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Culture, Reality

Fishing for Eels

by Sean O’Toole, image by Marc Shoul / 09.04.2010

The word “subtle” does not appear in the Ambrose Bierce’s Devil’s Dictionary, a satirical book of alphabetised entries conceived and ordered by a gun-totting journalist working out of San Francisco in the latter half of the 1800s. This is only fitting.

Subtlety, the art of pillow fighting in front of an audience of boxing fans, has no place in the world of politics. And politics, as Bierce writes in his self-styled “comic dictionary”, is both “a means of livelihood affected by the more degraded portion of our criminal classes” and “a strife of interests masquerading as a contest of principles”.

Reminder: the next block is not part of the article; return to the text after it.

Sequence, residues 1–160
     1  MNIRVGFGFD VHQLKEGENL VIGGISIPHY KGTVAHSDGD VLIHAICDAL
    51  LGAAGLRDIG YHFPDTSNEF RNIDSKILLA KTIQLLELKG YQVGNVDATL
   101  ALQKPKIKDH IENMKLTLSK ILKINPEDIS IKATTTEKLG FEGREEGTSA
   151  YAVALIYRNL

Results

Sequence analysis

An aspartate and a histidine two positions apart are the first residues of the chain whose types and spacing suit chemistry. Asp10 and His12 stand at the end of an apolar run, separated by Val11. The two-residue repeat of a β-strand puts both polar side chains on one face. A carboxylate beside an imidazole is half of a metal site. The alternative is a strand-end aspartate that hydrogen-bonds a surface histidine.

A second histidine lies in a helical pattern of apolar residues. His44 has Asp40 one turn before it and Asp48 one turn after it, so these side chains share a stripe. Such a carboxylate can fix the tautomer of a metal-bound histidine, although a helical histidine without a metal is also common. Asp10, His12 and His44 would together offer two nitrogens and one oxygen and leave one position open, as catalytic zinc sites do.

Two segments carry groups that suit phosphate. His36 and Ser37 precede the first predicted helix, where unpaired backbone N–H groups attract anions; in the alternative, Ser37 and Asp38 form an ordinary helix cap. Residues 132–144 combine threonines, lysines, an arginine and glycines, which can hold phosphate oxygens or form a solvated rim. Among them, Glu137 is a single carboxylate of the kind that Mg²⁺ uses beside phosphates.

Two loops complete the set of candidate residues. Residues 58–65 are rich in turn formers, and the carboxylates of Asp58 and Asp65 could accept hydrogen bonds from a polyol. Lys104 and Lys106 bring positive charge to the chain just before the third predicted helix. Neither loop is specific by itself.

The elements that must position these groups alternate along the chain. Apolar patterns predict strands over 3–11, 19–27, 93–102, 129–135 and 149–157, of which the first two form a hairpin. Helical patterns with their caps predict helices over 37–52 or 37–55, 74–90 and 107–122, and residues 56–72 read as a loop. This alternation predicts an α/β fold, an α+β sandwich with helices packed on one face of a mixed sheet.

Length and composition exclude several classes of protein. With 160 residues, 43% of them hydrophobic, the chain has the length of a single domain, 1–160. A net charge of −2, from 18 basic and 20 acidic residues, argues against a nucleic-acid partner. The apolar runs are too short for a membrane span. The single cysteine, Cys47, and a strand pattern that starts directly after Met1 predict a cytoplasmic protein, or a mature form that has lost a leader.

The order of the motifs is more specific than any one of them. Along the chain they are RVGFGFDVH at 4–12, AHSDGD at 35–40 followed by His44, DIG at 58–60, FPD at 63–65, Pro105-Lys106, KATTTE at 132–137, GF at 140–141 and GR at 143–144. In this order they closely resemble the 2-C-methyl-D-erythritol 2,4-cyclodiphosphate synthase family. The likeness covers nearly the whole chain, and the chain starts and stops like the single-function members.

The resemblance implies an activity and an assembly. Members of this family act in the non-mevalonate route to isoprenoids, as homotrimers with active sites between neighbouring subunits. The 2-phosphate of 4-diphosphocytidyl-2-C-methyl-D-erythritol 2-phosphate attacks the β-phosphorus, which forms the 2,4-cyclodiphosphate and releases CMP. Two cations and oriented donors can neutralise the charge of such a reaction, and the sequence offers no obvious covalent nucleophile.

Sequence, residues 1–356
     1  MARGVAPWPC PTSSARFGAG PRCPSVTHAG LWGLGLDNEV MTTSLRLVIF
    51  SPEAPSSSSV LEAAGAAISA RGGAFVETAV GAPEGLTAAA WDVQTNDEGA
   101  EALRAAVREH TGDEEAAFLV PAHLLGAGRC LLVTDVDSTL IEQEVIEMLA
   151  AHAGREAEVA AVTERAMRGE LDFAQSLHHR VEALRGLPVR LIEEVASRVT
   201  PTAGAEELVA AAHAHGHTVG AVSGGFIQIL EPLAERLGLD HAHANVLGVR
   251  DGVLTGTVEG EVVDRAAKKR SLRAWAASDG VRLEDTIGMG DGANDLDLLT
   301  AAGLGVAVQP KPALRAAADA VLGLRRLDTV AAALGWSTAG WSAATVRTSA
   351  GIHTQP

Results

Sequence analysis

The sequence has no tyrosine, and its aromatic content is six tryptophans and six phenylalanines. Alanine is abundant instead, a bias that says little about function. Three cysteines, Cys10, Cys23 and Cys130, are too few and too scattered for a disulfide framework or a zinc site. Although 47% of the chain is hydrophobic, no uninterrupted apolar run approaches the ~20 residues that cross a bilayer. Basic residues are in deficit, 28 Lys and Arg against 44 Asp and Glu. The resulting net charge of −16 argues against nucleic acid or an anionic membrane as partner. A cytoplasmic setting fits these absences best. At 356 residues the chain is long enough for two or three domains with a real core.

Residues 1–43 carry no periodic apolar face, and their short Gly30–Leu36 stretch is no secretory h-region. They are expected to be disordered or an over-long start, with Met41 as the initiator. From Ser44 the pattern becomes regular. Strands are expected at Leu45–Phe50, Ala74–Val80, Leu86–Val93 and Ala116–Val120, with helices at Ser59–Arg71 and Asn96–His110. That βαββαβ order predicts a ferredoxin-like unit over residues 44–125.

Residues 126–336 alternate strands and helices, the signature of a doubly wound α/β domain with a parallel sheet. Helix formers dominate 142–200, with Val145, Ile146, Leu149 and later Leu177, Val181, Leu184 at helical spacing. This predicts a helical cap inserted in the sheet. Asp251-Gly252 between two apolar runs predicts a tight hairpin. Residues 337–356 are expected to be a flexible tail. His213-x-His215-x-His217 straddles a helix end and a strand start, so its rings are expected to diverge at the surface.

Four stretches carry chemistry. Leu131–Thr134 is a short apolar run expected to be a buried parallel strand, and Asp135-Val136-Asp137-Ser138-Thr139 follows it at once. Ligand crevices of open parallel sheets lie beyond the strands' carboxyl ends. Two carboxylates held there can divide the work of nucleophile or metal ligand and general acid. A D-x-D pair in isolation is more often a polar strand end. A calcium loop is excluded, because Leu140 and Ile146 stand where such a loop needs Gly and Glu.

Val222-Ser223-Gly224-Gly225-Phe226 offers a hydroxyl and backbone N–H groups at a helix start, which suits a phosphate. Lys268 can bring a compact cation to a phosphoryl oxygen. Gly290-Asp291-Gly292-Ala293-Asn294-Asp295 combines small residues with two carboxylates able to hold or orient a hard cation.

Photography, which in Bierce’s time was an infant medium practiced by quixotic men who lumbered across the landscape with cumbersome equipment and hid under black clothes, fares little better in his estimation. He describes it as a “picture painted by the sun without instruction in art”.

Politics and photography: it is a love affair that entertains no third parties.

In a week of abrupt burps (Julius Malema) and fatal sighs (Eugene Terreblanche), photo editors around the country have all been faced with a simple predicament: finding a decent picture of these eels. (Bierce on politicians: “an eel in the fundamental mud upon which the superstructure of organised society is reared.”) It is, of course, a perpetual dilemma: the more degraded portion of our criminal classes is always at work. The feedback loop this creates is endless. Photographers will always be asked to go fishing.

David Goldblatt. Robert Mugabe. Harare, 1986. Courtesy: Michael Stevenson. Collection: Michael Graham-Stewart.

It’s time to reflect. In January 2005, I asked David Goldblatt a simple question in response to a 1986 photograph he took of Robert Mugabe for the magazine Leadership, of which he was photo editor at the time. What was it like photographing men of stature? I quote his response in full.